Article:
However: I have to agree. First, that C. S. Lewis's apologetic books are a heck of a good read no matter what your faith, because he was such a great logician (though I am convinced he was wrong about some things and that I see holes in some of his statements, as I am sure anyone with formulated views will say when reading his work). Second, that the human soul is quite real and that contemplation of the soul and its actions and products (such as music and physical art) gives meaning to life. Third, glad to see that someone thinks the same way about animals trained to mimic an artist's actions. I still wonder what point that poster was trying to make, or if it was a joke-troll in a straight-faced discussion?

So, in the majority of interested posters:
1) Art has intent.
2) Art comes from the human creative soul, imagination, or simple creative impulses. There is disagreement between those who advocate a spiritual human being and those who advocate a simple genetic computer: an animal human. However, art is human.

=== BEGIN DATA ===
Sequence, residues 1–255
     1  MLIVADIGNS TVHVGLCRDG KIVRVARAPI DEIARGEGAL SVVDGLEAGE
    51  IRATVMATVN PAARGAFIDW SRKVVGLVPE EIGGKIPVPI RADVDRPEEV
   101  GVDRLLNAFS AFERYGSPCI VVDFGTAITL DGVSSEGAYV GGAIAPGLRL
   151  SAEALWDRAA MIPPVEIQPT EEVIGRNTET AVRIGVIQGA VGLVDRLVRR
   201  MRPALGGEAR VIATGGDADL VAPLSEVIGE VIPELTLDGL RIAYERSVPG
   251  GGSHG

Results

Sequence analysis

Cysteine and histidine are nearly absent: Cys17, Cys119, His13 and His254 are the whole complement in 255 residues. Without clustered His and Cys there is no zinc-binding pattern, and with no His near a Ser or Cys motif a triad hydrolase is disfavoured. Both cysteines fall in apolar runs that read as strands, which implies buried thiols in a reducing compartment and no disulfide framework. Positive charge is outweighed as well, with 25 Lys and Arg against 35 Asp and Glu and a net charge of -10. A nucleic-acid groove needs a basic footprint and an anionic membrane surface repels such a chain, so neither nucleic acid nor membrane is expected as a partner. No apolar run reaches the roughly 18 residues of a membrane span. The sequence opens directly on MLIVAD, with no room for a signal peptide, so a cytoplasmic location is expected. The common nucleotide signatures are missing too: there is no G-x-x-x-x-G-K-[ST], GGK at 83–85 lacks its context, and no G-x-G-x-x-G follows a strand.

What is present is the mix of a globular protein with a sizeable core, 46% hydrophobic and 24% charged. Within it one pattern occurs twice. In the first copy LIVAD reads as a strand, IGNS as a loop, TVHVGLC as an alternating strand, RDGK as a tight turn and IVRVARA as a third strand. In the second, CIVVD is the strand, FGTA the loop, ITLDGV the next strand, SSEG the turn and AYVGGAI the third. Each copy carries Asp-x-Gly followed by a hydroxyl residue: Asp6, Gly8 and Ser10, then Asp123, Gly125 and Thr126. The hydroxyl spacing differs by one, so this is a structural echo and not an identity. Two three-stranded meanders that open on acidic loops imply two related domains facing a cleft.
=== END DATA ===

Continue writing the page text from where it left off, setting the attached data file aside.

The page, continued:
3) There is good art and bad art, but the quality itself doesn't determine whether something is "Art".

Spoiler: Now, more questions!! (click to show/hide)
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Omegastick

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Re: "Art"
« Reply #42 on: May 24, 2010, 04:56:35 pm »

I'll assume you were talking to me about the animal thing. It was simply saying that the people who said earlier that animals can create art were mistaken, it wasn't a joke or anything.

Now for the questions:
1) In my personal opinion, yes, art should be preserved through the ages. This is because we can learn from it and enjoy it at a later date. If we didn't do this then countless hours and days of people's lives would have been for just a short few minutes of appreciating the art before throwing it away.

2) I disagree with this concept, I hardly ever get pleasure from my art until it is finished and I look back on it. Although other people may feel different.